The world of finance is at least partly based on the principle of collecting money for its practical, fiscal value. It’s simple: the more money you have, the wealthier you are. However, there’s a whole different set of monetary collectors who amass “chunks of change,” so to speak, for their novelty value and rarity – not to mention just for fun. Coin collecting, also known more broadly as numismatics, has been going on for thousands of years. In fact, there’s evidence that it took place in Ancient Rome. So it’s perhaps no surprise that, to appeal to this collectors’ market, mints and treasuries around the world have started producing unusual coins in limited quantities.
These coins often feature unique properties and innovative touches not commonly associated with regular currency, which could increase a coin’s desirability in the eyes of numismatists. Read on for 10 examples of the coolest and most unusual coins in the world.
10. Silver Pyramid Coin – Isle of Man
This distinctive coin carries a bit of history with it – as well as on it. Not only does the distinctive silver pyramid-shaped piece feature an Ancient Egypt-themed design, but the sand contained in the sun disk at the top was taken from King Tutankhamun’s tomb itself. The 1 ounce (28.3 g) silver coin, which was launched in 2009, was designed by the Pobjoy Mint for the Isle of Man Treasury, to mark the 70th anniversary of the death of Howard Carter – the Egyptologist and archaeologist who in 1922 discovered King Tutankhamun’s tomb in the Valley of the Kings. The coin’s central image reproduces a wall decoration from the tomb, showing Tutankhamun being welcomed to the underworld on his “night journey.” It is part of a series that was released to celebrate the Tutankhamun exhibition that traveled across the U.K. and U.S.
9. Ural Owl Coin – Mongolia
In 2007 Coin Invest began issuing a series of coins for the National Bank of Mongolia featuring endangered wildlife. These collectible artistic pieces have proven immensely popular, often selling out quickly and going for high prices among collectors. The Ural Owl was released in 2011 and was declared the most popular coin at the 2013 Coin of the Year Awards. It is made from .999 silver, with two dark Swarovski crystals for the bird’s eyes, and has a face value of approximately one third of a U.S. dollar (500 tögrög). The first coin in the series – featuring a wolverine that also has Swarovski eyes – has been known to change hands for between $1,500 and $3,000, which highlights the demand such collectable money can create.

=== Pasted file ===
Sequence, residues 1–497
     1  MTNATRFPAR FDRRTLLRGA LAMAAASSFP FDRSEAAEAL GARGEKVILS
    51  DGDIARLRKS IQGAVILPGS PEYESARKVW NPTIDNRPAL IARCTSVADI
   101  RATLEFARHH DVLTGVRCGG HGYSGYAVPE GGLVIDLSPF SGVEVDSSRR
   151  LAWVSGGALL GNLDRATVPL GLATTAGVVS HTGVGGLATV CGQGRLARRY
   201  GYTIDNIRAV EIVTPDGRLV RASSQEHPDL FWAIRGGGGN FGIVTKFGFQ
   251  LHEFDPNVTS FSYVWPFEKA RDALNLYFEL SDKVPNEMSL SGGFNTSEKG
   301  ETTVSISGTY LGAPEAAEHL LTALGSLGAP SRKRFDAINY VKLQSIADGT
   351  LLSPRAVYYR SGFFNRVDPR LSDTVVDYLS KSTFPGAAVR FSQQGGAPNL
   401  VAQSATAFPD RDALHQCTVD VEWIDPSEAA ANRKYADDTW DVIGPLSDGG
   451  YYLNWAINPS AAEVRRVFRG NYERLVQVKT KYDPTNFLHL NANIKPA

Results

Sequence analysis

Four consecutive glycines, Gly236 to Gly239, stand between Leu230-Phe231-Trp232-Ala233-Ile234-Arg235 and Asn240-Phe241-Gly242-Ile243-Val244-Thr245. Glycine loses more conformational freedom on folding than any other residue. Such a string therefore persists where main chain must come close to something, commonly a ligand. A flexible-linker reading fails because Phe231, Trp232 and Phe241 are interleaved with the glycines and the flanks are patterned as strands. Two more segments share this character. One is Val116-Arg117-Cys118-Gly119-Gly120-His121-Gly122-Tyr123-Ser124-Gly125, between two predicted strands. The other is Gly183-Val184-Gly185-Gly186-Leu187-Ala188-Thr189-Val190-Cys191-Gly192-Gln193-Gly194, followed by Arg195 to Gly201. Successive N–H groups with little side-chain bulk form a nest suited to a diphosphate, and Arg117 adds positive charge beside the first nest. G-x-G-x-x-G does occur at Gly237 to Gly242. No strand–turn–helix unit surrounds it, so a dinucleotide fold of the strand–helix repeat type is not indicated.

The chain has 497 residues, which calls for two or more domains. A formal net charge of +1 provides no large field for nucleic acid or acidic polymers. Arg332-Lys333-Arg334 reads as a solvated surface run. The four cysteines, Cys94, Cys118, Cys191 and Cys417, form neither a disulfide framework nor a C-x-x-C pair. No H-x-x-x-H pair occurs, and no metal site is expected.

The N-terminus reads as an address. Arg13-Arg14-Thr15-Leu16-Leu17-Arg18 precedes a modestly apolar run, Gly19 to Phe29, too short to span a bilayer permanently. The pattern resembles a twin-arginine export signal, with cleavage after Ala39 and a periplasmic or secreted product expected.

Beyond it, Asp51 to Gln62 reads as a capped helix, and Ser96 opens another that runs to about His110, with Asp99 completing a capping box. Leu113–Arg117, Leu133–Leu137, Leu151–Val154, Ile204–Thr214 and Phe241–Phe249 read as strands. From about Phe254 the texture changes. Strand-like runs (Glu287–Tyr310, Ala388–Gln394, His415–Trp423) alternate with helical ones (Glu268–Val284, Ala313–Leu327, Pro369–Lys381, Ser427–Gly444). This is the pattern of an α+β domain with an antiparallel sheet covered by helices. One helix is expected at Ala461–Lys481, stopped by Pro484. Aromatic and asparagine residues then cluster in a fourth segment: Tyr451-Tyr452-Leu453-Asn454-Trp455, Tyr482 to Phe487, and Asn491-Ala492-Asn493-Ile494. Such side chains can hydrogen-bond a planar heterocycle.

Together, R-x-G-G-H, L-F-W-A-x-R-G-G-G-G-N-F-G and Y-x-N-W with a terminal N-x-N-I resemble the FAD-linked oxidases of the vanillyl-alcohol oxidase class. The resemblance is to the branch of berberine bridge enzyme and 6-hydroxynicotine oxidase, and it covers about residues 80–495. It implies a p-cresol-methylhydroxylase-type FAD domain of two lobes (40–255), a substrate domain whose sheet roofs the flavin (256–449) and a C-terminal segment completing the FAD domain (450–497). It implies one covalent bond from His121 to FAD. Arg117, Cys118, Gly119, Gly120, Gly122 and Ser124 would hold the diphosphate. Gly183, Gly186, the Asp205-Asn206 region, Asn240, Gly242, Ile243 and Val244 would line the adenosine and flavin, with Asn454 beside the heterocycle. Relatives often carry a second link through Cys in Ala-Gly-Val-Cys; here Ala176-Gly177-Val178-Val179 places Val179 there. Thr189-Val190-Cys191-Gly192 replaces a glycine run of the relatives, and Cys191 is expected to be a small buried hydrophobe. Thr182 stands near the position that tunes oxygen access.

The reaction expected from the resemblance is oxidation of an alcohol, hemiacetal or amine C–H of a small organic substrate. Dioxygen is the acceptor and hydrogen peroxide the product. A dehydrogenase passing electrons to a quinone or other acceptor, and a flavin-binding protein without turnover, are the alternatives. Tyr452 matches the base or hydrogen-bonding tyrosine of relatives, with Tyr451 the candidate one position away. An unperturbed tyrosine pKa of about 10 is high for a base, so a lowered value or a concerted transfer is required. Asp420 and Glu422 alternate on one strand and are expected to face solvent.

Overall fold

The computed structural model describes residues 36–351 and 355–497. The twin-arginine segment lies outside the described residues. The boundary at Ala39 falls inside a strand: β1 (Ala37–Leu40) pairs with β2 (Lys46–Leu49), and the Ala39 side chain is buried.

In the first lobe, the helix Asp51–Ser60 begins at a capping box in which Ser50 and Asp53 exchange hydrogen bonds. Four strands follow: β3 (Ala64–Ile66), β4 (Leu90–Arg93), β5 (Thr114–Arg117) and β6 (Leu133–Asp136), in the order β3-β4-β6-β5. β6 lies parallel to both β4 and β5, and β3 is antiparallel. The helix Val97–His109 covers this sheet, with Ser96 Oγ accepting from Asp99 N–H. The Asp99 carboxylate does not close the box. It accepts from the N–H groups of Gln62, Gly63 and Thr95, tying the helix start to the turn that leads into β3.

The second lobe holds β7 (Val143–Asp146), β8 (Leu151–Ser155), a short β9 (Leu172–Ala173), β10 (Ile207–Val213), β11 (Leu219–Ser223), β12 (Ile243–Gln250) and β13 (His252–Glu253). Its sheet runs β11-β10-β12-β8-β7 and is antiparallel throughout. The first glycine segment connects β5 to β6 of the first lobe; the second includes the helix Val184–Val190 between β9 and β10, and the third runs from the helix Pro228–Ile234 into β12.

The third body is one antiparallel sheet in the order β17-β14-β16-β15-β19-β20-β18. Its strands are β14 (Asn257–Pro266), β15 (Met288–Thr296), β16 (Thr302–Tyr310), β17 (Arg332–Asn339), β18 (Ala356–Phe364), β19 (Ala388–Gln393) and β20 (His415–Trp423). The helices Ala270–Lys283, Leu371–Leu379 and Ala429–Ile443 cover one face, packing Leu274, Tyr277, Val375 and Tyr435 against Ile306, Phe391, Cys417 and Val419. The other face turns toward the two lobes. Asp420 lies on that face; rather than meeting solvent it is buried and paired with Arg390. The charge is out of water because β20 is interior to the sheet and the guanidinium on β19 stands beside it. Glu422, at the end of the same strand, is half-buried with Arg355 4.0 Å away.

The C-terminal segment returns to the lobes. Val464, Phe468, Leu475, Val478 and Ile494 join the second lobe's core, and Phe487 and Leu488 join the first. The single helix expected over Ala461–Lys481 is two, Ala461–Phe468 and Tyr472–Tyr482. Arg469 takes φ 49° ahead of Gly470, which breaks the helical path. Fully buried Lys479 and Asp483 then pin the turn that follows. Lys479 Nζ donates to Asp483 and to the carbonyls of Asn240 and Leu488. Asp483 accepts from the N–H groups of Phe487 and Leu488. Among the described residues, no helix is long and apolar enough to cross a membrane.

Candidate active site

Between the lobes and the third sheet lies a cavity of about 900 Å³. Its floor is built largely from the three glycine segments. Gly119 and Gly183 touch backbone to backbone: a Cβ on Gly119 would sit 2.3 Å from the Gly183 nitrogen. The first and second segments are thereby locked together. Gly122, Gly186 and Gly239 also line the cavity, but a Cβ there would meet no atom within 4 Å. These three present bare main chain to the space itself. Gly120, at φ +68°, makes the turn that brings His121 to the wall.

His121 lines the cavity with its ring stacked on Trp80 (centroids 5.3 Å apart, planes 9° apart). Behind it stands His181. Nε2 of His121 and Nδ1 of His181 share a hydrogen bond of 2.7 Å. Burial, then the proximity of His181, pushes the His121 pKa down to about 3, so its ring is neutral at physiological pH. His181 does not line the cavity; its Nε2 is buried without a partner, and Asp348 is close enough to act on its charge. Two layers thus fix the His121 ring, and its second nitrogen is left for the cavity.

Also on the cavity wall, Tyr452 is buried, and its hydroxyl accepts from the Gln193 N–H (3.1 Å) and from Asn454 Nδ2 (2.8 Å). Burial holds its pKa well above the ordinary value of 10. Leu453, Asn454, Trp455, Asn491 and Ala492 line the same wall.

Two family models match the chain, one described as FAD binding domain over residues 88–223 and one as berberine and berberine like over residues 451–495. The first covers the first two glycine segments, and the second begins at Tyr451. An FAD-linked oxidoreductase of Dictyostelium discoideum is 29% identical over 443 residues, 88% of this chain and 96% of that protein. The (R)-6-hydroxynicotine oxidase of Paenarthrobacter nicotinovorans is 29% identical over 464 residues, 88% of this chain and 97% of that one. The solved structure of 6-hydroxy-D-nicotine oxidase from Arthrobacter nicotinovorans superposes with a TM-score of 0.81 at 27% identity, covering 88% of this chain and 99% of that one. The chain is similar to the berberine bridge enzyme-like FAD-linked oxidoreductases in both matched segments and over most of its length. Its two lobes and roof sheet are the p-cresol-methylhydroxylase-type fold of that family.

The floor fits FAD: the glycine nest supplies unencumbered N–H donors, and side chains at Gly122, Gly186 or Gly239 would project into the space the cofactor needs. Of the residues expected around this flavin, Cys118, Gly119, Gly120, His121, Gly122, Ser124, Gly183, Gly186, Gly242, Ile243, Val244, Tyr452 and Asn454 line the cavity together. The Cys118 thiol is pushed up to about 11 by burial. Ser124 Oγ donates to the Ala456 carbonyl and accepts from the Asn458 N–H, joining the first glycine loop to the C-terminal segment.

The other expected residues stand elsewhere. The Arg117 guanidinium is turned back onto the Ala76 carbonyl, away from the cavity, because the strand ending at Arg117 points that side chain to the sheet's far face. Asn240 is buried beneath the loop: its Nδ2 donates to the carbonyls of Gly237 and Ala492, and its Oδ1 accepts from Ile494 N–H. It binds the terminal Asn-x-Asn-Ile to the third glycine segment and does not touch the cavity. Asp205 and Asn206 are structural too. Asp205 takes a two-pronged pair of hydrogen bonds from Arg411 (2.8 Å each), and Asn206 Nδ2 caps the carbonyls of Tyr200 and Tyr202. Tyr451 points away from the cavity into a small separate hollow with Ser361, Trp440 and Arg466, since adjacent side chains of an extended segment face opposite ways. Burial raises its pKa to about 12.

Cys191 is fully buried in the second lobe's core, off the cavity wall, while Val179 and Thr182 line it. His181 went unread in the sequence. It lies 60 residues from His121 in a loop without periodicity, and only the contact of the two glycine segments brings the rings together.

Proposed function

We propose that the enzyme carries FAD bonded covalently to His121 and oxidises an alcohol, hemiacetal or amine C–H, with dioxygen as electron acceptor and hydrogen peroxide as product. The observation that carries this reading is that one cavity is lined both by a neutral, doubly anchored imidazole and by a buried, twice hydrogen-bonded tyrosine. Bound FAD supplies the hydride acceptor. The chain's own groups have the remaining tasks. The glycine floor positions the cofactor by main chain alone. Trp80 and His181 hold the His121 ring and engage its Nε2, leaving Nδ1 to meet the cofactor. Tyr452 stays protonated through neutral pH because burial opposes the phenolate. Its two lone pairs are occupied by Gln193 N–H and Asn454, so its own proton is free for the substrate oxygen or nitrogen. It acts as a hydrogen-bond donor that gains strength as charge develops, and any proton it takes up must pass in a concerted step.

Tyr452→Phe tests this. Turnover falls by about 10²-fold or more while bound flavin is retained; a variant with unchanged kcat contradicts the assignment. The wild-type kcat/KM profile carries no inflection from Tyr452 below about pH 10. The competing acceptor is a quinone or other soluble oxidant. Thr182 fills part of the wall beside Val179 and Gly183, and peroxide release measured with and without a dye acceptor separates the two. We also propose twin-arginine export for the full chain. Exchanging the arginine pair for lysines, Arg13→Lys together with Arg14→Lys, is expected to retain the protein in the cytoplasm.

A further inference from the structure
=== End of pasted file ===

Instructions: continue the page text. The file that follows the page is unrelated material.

8. Butterfly Coin – Cameroon
This 1,000 Cameroonian francs silver coin was released in 2011. The technique used to create the very nearly lifelike effect was also kept under wraps, adding to the coin’s enigmatic appeal. From the side, the colorful creature – a rare brush-footed butterfly – almost seems to be about to flutter from the surface. This particular species is found in the tropical parts of central Africa. The 3D treatment and colored design create an appealingly unique coin – but it wasn’t unique for long. The piece launched a series entitled “Papillons Exotiques,” and further bright-looking butterflies followed. To keep the coin attractive to buyers, the release was restricted to just 2,500 units, and each one had a price estimate of $149.99.
7. Sistine Chapel Coin – The Cook Islands
The striking oval coin pictured here – which measures just 1.2 by 1.8 inches (30 by 45 mm) – is an extremely clever tribute to art. It was released in the Cook Islands in 2012. And while the coin’s head side shows the profile of the island’s monarch, Queen Elizabeth II, the reverse side depicts the image of Adam and God reaching towards each other, as painted on the ceiling of the Sistine Chapel by Michelangelo. Meanwhile, the small microscope above the image suggests that there might be more than meets the eye to a chip found at the top. In fact, thanks to nanotechnology, the tiny plaque contains an extremely high-resolution reproduction of Michelangelo’s entire Sistine Chapel masterpiece. The highly limited 999-unit run may have helped the five New Zealand dollar coin soon reach far greater prices online.
6. Guitar Coins – Somalia